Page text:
Rosemarie and I had our annual Christmas Tree debate last week:  live tree vs. artificial tree.   If you landed on this space near this time last December you probably read about last year’s debate.  We have it every year.  By now, it’s become a Christmas tradition.

Divorce is never discussed but there is sometimes a few hours of non-talking between us as we each fume for a while and attempt to get our blood pressures back to a reasonable level.  Not to worry, it doesn’t last long and we eventually wind up in a neighborhood lot selecting a live Christmas Tree.  As I loaded it onto the rooftop of the car I sensed an under-breath “wait’ll next year” emanating from Rosemarie sitting in the front seat.

The decision of whether or not to stop buying a live tree and switch to an artificial tree is not an especially dynamic debate.  I take the live position which is highlighted by the principle that you cannot shortchange Christmas and phony is phony and it always looks it.  I also bring up other positives of having a live tree, things like the pleasant aroma in the house and not having to find some humungous space to store an artificial tree.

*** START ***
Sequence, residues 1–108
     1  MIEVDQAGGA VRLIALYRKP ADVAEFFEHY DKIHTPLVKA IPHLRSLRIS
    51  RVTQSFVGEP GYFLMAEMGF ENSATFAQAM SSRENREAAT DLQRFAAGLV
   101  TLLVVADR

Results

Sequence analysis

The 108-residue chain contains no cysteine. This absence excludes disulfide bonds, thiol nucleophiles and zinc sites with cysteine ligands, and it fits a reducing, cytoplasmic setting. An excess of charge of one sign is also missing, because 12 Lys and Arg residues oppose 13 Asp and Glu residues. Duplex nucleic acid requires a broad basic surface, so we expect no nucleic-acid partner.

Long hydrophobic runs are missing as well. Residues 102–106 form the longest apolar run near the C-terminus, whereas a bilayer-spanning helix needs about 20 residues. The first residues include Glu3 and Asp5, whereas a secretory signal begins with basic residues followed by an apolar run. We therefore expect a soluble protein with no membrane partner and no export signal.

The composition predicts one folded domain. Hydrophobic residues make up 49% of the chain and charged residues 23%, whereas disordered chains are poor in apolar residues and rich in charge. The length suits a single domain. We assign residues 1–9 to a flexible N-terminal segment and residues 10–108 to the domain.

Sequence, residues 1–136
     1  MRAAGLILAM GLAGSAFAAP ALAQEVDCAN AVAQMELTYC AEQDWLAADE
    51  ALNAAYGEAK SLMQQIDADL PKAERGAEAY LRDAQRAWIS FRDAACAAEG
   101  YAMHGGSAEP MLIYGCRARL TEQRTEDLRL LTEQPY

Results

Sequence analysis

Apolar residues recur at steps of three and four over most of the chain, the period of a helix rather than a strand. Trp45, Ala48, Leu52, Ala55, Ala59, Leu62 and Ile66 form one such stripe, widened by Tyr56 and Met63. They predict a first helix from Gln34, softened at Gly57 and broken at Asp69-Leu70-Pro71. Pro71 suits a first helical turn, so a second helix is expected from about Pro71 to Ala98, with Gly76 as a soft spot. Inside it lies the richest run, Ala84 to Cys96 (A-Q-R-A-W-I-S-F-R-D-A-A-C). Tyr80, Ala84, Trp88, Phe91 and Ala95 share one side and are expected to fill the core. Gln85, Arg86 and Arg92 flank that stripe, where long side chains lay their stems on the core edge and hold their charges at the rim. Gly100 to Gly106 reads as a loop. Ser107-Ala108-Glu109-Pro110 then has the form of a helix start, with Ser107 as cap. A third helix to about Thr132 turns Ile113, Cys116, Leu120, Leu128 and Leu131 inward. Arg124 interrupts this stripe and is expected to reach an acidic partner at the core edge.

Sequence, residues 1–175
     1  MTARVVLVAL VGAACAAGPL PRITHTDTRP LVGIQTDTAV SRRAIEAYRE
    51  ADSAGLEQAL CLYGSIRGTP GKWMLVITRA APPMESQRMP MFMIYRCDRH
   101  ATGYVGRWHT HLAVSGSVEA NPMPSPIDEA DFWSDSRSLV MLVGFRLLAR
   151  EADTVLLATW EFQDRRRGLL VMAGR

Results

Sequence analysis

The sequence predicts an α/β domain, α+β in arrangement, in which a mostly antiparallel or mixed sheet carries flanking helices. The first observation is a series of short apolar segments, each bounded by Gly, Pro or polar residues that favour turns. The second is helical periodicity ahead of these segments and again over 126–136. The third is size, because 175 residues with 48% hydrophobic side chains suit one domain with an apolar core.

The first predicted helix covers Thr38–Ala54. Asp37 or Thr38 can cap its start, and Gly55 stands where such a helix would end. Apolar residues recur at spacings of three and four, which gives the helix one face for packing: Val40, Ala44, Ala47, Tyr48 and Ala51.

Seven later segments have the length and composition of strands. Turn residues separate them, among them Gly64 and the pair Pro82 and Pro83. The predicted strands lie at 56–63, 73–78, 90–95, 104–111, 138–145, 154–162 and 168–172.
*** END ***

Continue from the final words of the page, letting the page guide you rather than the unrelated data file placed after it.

Rosemarie, meanwhile, argues that we are throwing money down the chimney, that an artificial tree would pay for itself in two or three years and we’d never have to buy another Christmas tree.

My arguments that artificial trees cost too much and they ALWAYS look artificial are starting to wear a little thin lately.  This year many of the man-made trees were on sale BEFORE Christmas and I have to admit the technology has improved significantly.  The appearance of some of the artificial trees is impressive.